Actress Genevieve Leclerc has the pipes. If called upon, she can hit a high G, and digs deep for the emotional heft, as a theater reviewer might say, to sell Fantine's devastating lyric, "I had a dream my life would be, so different from this hell I'm living."
And so she sang away, and sang while she died, and came back to sing again before the curtain closed on the 25th anniversary run of "Les Misérables" at the Landmark Theater on Easter Sunday.
Yet despite rising from the grave, there wasn't a tweet to be found up her gauzy sleeve. Instead, just as her great love, the fugitive Jean Valjean, carried out Fantine's parental legacy, so he wielded his smartphone with courageous fervor.
When fan @ZPriceIsRight tweeted to the Broadway-seasoned actor, "Just saw @Peter_Lockyer DESTROY Valjean in Richmond," @Peter_Lockyer replied, "I like to WRECK things … Thanks!"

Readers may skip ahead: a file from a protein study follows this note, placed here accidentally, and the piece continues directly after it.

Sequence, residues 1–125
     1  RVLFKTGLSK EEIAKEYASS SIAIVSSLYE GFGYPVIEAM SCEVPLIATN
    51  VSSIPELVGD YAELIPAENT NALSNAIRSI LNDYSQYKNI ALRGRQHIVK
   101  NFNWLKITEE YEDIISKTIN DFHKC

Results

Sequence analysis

And don't think Valjean wasn't watching you back. "To the couple in the balcony," the actor tweeted: "You were backlit & I could see you holding hands across the aisle during The Epilogue. ThankU. Made my night!"
"Wow — so sweet — never thought of you seeing 'us,'" @northmiamigirl replied.
Who am I?
I'm @JoeSpiel, playing the Innkeeper.
I'm @AndrewVarela525. "Follow me on Facebook and Twitter," Javert beckons in his theater-program bio.
I'm @BCeeGee. And "Even though I haven't been writing back individually, I really appreciate all the WONDERFUL tweets. Thank you. #RichmondRocks," Briana Carlson-Goodman (Éponine) writes in a farewell.
From my row on Sunday, audience member @WonderMonkey78 tweets about the show, tagging the actor playing Énjolras, Jason Forbach: "Game of Thrones premier? Walking Dead finale? No. I'm at the final #RVA show of Les Mis."
"Thanks for coming," @jtforbach replies from backstage. "I'll be tuning in to those shows later. #dyingtofindoutwhogetskilledoff #obsessedwithwalkingdead."
@WonderMonkey78: "Why are you tweeting? Shouldn't you be singing?"